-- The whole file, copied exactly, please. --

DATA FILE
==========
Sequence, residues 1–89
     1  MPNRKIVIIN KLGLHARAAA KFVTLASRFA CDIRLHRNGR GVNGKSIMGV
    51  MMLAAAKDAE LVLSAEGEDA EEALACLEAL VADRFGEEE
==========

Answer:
Sequence, residues 1–89
     1  MPNRKIVIIN KLGLHARAAA KFVTLASRFA CDIRLHRNGR GVNGKSIMGV
    51  MMLAAAKDAE LVLSAEGEDA EEALACLEAL VADRFGEEE